The Chicago Urban League has unveiled a 7-month study stating that black Chicagoans are the “largest source of untapped economic potential” in which the city must invest in in order to compete in the global marketplace.
The study was presented in February at a press conference at the Chicago Federal Reserve Bank. Titled the Futures Study, it was conducted in conjunction with the Global Business Network, a consulting firm. It stated that educational achievement and entrepreneurship are necessary to allow Cook County’s black citizens to move up the economic ladder.
The area encompasses the largest black population of any county in the nation – 1.4 million in total. But its high school dropout rate hovers around 50 percent. Cook County also has an unemployment rate of 17 percent, according to the report.
“This study also helps develop a road map to create pathways for a community that will dramatically impact the region’s economic prosperity,” said Cheryle Jackson, CEO and president of the Chicago Urban League.
The study recommends a seven-point plan. That includes an increase in state funding for public schools, and partnerships allowing students to transition into growth sectors of the economy. Another point involves increasing funding to rehabilitate at-risk juveniles, in addition to relying on churches to help sustain business growth.
The average household income for black people in Chicago, explained David Thigpen, the Chicago Urban League’s vice president of policy and research, is approximately $23,000.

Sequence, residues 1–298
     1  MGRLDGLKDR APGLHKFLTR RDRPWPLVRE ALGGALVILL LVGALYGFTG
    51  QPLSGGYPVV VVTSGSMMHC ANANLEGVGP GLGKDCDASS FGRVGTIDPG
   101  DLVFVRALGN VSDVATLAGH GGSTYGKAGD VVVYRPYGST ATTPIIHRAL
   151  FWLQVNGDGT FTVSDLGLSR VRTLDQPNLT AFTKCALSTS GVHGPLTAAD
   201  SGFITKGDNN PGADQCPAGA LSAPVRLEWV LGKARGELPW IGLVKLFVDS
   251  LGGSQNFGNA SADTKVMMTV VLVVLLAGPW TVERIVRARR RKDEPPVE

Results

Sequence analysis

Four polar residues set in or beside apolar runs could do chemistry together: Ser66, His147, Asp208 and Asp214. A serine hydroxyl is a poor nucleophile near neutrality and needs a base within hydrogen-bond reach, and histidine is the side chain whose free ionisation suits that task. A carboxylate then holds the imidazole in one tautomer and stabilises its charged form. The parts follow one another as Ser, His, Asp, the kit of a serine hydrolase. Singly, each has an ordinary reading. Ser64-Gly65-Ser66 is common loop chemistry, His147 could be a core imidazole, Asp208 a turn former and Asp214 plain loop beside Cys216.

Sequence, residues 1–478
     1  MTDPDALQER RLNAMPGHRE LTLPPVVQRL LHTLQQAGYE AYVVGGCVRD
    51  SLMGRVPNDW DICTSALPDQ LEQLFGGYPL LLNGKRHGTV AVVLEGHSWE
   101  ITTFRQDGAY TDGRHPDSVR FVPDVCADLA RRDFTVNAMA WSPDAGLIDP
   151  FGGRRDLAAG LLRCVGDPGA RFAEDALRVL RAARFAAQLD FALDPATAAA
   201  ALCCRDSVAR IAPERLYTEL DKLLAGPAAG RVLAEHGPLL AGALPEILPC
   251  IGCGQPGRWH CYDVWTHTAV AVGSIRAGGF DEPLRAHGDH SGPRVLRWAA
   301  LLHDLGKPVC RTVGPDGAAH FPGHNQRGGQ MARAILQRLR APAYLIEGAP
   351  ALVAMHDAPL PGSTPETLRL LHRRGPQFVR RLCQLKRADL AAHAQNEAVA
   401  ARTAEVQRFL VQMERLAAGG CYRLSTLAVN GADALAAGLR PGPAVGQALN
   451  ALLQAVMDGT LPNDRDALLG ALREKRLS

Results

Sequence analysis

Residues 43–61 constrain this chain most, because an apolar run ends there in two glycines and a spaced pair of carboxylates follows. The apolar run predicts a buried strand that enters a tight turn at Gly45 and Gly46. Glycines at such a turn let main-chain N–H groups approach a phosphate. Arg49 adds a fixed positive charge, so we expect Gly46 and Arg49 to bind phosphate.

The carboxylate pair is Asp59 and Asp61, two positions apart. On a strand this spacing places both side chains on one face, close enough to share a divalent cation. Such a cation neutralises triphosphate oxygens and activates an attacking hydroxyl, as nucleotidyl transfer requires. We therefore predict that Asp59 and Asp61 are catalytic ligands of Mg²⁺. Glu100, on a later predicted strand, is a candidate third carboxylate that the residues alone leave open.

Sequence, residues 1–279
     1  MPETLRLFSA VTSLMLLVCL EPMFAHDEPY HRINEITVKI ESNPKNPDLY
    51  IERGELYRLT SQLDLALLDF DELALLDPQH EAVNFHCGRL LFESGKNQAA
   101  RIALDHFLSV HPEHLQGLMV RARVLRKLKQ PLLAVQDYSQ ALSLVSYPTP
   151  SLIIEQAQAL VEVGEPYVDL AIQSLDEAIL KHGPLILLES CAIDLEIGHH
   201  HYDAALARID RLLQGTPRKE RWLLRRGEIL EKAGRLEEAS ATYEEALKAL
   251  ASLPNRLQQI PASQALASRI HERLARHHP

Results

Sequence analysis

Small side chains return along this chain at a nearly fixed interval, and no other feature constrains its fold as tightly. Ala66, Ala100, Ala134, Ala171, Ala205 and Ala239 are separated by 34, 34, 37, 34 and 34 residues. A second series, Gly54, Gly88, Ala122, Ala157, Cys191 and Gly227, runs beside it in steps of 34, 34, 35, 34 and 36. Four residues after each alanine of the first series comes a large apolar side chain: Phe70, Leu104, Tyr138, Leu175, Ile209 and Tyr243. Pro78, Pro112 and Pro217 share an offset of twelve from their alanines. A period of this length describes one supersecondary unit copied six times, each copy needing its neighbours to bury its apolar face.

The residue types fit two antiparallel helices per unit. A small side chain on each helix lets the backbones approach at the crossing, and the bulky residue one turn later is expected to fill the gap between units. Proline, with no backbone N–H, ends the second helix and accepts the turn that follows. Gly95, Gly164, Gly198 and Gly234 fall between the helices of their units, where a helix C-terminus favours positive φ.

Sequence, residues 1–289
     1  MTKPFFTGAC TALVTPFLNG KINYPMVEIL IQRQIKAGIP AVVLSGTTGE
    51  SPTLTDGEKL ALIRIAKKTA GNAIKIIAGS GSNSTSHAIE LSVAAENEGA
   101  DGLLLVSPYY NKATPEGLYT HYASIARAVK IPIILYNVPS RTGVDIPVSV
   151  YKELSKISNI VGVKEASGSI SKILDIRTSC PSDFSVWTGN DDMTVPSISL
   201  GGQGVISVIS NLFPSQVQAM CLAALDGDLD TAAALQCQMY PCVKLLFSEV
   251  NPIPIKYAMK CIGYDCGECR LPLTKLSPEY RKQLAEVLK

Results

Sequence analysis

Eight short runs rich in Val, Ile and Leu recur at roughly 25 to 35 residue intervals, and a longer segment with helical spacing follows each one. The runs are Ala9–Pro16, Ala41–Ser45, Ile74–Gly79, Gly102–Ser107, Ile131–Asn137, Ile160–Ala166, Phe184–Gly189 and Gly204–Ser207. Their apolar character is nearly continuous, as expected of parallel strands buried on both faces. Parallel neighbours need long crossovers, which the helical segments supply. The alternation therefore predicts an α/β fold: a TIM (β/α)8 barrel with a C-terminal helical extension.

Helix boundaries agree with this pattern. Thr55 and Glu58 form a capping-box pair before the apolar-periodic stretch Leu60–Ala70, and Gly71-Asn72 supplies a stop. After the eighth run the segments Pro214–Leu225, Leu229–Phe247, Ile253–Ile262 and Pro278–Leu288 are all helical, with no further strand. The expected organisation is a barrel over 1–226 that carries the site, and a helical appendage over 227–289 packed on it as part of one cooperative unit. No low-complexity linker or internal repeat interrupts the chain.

“Chicago can be the black Wall Street,” Jackson added, alluding to the “symbiotic” relationship between the city’s black residents and its ability to succeed in an international market increasingly competing with the United States. By stimulating black-owned businesses, she said, Chicago would be more apt to attract events such as the 2016 Olympics.
Education a key to success
A Nielsen Co. opinion poll of approximately 500 black Chicagoans in business, academics, government and community leadership underscored the study’s findings. Fifty-six percent of the respondents said a better quality of education is the most important factor in economic success. Meanwhile, 68 percent said a stable home was the most important factor in achieving academic success.
“I’m not surprised that in an African-American community, people focus on education as the ticket to success,” said Ald. Toni Preckwinkle (4th), who taught high school history for a decade before entering politics. “We have to figure out how to transfer that recognition into a performance reality – and we’re a long way from that, particularly for African American males.”
“We’ve got to get them into high school and get them through high school,” she added, “and help them to graduate because they are lost if they don’t have a high school diploma.”
Rufus Williams, president of the Chicago Public School Board, said the board is making dramatic shifts in educational policy in order to stimulate graduation rates and student achievement.
“We’re doing some pretty draconian things,” explained Williams. “We’re changing the environment by adding in more programs, adding in more Saturday schools and really driving the rigor so that the children are better prepared.”
The study was enhanced with research by the Brookings Institution, a Washington, D.C.- based think thank, which reports that Chicago’s workforce will be changing dramatically in he next 25 years with 51 million people expected to retire.
According to the Brookings Institution, blacks and Hispanic workers will grow from 25 percent of the working-age population to 40 percent by 2025.